what are pin bars Candlestick?

Most technical traders who follow price action indications use pin bars as one of their primary tools, but few go beyond that. Understanding why they're crucial for order flow and market dynamics will go a long way toward ensuring you get the most out of this powerful pattern.

what are pin bars?

Pin bars, often known as hammers and shooting stars, are a sort of single candlestick design distinguished by its long wick and compact bodies. The pinbar's wicks should typically be longer than the body. The "wick" section of the pin bar and the "body" of the candlestick are basically two segments. We want the body to be tiny in comparison to the wick's size. The pin bars' effectiveness is due in great part to their tiny body and huge wick.

The pin bar characterizes the appearance of the candlestick; it resembles the type of pin seen on noticeboards. Just enough body to keep the pin in place between the thumb and forefinger, and enough spike to keep it stuck in the board. The spike is the tail, and it has a very small nose at times. Pin bars indicate unequivocal rejection, which occurs when buyers outnumber sellers or the other way around for a set period of time.

In an uptrend, you'd anticipate candlesticks to close comfortably higher than they opened, potentially near to or at the high itself - leaving little to no wick to the upside. These candlesticks are said to represent "usually bullish" and imply that the trend will continue.

On the other hand, a candlestick that opens and shoots higher, only to shut back down either below or near to the open – forming the pin bar's characteristic huge wick and small body – might reveal a lot.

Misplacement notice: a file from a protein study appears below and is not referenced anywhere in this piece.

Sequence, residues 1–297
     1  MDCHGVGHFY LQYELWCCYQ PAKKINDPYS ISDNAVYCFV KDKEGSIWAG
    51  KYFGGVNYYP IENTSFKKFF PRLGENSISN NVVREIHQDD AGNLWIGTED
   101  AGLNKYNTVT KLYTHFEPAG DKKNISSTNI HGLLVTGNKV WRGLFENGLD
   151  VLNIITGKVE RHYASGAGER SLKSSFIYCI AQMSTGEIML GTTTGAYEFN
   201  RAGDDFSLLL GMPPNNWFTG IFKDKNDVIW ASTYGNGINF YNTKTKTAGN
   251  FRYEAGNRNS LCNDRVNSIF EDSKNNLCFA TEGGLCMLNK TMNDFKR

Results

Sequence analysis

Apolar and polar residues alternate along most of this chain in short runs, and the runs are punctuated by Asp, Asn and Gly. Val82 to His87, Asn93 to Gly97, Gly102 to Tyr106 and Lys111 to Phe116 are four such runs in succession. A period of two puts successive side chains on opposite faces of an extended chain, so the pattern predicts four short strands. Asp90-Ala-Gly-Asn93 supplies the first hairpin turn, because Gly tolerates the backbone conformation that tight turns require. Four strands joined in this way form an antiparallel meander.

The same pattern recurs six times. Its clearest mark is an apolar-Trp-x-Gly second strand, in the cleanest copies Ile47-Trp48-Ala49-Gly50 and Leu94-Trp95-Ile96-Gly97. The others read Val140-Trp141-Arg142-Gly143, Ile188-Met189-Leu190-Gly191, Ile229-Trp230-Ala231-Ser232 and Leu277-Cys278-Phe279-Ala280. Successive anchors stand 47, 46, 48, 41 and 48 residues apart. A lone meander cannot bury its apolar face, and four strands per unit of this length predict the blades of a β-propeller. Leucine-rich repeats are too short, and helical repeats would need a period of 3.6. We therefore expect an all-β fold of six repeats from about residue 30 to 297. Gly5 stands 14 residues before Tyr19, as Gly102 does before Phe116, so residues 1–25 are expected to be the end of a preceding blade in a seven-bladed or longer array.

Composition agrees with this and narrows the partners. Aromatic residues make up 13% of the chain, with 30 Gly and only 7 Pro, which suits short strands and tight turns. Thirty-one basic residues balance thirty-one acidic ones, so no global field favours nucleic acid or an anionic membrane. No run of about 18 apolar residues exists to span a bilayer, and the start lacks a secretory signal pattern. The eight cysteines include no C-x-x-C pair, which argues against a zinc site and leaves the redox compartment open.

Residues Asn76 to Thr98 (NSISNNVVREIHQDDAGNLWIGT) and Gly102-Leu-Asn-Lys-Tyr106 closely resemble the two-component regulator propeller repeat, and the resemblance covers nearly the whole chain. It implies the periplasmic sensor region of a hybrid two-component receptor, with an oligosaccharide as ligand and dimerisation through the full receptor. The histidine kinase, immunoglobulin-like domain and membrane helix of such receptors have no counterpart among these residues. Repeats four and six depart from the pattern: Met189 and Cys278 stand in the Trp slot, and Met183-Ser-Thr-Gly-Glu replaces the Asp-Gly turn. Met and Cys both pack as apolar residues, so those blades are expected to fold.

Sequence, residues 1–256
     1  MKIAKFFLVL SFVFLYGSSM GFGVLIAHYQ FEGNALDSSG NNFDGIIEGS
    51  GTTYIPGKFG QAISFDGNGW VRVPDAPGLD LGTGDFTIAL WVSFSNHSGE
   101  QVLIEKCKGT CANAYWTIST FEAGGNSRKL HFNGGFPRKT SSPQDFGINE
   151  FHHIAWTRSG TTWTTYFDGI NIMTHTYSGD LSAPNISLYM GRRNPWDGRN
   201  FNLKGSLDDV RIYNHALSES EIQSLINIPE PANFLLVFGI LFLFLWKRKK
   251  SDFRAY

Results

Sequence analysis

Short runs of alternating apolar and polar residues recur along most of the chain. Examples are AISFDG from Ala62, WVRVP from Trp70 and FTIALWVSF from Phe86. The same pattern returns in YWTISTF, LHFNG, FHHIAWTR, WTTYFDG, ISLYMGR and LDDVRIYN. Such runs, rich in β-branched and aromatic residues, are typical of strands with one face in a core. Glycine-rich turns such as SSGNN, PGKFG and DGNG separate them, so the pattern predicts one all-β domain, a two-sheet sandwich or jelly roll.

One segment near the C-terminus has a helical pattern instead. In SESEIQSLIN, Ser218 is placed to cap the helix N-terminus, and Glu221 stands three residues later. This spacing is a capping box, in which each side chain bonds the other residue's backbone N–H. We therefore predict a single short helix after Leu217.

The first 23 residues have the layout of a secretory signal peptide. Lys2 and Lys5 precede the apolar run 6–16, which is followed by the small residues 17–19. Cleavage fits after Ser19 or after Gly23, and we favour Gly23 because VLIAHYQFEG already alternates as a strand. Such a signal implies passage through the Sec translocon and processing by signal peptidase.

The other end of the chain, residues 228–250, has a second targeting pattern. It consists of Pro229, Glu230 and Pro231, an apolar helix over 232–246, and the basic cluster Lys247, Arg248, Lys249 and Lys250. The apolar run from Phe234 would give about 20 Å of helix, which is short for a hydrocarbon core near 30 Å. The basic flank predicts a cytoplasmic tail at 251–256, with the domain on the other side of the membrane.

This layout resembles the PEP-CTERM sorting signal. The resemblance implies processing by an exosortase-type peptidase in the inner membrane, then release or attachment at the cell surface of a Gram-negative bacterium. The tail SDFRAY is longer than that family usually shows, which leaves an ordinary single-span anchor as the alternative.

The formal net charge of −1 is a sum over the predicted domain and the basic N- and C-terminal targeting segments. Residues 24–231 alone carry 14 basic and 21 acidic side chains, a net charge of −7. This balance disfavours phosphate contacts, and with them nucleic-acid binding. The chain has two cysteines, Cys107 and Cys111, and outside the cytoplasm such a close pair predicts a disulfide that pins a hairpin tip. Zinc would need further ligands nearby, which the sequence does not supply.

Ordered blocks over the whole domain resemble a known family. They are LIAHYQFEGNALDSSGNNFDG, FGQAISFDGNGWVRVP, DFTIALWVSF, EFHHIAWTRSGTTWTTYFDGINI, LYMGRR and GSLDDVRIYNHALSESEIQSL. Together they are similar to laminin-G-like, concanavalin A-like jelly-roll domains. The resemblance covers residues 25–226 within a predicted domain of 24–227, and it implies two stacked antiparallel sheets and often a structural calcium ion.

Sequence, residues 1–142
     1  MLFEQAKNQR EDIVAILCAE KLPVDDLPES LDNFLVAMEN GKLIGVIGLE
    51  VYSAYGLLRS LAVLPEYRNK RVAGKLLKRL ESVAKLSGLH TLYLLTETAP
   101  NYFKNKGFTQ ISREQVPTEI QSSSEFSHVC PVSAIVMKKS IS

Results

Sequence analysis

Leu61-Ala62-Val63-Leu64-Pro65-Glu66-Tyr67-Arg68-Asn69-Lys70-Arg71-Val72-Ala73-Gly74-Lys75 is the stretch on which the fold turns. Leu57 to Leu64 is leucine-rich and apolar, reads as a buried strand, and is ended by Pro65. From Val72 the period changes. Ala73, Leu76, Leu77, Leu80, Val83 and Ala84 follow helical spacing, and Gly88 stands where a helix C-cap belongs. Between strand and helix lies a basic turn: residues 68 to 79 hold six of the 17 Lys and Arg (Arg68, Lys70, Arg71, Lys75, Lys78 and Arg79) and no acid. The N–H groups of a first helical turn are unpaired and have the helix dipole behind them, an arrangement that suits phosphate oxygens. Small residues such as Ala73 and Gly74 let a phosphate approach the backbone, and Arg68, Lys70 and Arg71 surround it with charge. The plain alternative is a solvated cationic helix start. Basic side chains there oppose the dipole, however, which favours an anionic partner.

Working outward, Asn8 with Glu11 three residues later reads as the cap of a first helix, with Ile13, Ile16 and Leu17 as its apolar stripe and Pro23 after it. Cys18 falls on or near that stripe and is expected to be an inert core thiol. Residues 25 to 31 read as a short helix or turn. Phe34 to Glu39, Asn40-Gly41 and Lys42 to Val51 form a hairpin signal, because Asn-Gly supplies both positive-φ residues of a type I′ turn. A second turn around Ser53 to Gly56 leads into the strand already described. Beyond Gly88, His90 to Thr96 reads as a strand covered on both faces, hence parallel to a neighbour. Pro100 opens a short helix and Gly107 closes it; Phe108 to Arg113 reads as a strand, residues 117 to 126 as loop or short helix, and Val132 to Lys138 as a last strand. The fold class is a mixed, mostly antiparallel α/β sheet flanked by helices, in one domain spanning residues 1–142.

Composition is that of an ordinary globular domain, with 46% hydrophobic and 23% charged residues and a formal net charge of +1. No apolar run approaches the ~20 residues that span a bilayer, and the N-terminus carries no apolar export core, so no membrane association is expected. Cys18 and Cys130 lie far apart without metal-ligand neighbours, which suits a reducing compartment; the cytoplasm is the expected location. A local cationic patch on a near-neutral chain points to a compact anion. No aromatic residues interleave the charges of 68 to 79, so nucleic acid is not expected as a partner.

For one thing, depending on where the pin bar appears on the chart, it might indicate that price has encountered a huge block of opposing orders. Unlike a more 'rounded' movement using numerous candlesticks, a pin bar will frequently engrave the reversal's foundations into the wick. This is due to the fact that price was able to go in the direction of the trend and then decrease just as much inside the candlestick period. This information can be invaluable at important points (such as horizontal support and resistance levels).

When is a pin bar not a pin bar?

The markets are always shifting direction, and pin bars may develop from time to time, but they usually merely turn out to be a continuation of a trend or a range. How do we recognize these occurrences?

If we glance left after a pin bar develops and completes and observe no previous reversal or congestion at this price level, no special or visible support or resistance to price at this level, then the pin bar may just be a halt in movement before the original direction resumes.

This is why it is important to have confirmation before making a trading choice.

Confluence is a term used to describe a situation in which numerous elements all point to the same conclusion. One type of confirmation is support and resistance. Another is when the price confirms the reversal. Using indicators such as Momentum indicators, Stochastic, MACD, and RSI are all possible factors that may provide confluence and confirmation.

For pin bars to be helpful as a trading signal, they must develop at specified recognized levels, have a specific form and shape, and then price must validate its significance. When the body of a candle is too tiny to be classified as a pin bar, it is more than likely a Doji candle.